Researchers have found new evidence that the Regin malware, a notorious, sophisticated malware that has been spying for years on businesses, governments and individuals, was created by American cyberspies at the National Security Agency.
The latest evidence comes from source code for a malicious program code-named QWERTY that was leaked to Der Spiegel magazine by former NSA contractor Edward Snowden.
After examining QWERTY's code, researchers at the cybersecurity firm Kaspersky Lab concluded that it can work only if it is plugged into Regin.
"Considering the extreme complexity of the Regin platform and little chance that it can be duplicated by somebody without having access to its source codes, we conclude the QWERTY malware developers and the Regin developers are the same or working together," analysts for Moscow-based Kaspersky said Tuesday on a company blog.
After Regin's existence first became widely known last fall, experts speculated that it came from the United States or one of the main Western spy agencies.
The latest corroboration has a Canadian connection since data from cyberspying is shared between agencies of the Five-Eyes alliance – made up of the United States, Britain, Canada, Australia and New Zealand.
Regin mainly targets private companies, small businesses and telecom companies, according to another cybersecurity firm, Symantec.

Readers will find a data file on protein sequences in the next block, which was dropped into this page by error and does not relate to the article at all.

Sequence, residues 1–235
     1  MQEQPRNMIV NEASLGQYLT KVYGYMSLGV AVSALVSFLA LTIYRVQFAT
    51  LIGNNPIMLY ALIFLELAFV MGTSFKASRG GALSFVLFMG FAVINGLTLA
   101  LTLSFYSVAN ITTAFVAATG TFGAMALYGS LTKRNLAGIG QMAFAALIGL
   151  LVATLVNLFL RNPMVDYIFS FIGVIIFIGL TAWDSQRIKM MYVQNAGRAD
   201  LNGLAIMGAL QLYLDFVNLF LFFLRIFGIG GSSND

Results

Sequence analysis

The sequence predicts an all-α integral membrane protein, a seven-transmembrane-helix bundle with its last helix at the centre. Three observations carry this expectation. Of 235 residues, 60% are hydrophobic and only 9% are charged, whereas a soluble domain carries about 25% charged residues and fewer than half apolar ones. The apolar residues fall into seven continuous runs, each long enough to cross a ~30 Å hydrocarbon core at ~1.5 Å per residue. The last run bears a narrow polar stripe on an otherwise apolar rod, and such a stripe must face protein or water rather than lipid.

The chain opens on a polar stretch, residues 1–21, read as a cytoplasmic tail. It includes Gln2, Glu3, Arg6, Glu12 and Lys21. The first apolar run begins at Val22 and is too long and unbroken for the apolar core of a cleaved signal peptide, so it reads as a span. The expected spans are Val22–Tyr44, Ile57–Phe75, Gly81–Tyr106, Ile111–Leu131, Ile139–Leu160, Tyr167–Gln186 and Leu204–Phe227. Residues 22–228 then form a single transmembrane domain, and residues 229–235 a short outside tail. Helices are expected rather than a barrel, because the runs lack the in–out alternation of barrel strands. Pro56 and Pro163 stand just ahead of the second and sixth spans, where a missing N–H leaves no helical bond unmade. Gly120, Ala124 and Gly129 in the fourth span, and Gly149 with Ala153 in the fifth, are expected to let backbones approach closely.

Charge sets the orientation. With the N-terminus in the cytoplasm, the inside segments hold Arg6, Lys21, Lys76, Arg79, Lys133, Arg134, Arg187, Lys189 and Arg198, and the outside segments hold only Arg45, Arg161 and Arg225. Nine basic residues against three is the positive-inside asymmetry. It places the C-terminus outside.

Victims were found mostly in 10 countries, with Russia and Saudi Arabia accounting for about half of the confirmed infections.
Users in Mexico, Iran, Pakistan, Afghanistan, India, Ireland, Austria and Belgium were also infected.
Regin is an "extremely complex software" that can operate covertly for years because it goes to great lengths to conceal its activities, Symantec said.
"Its stealth combines many of the most advanced techniques that we have ever seen in use," the Mountain View, Calif.-based company said in a report released last November.
"In the world of malware threats, only a few rare examples can truly be considered groundbreaking and almost peerless. What we have seen in Regin is just such a class of malware."
Regin is structured in a way that allows remote controllers to change its spying functions depending on the target.
Its standard capabilities include snapping screenshots of the victim's computer, taking control of its mouse's point-and-click functions, intercepting passwords, recovering deleted files and monitoring network traffic.
The QWERTY malware, which operates onl as part of the Regin platform, is a key-logger, which records everything its victims type on their keyboards.
Der Spiegel, the German magazine that received leaked documents from Mr. Snowden, said QWERTY appears to be part of a large library of malware code-named Warriorpride, which is used by all Five-Eyes partners.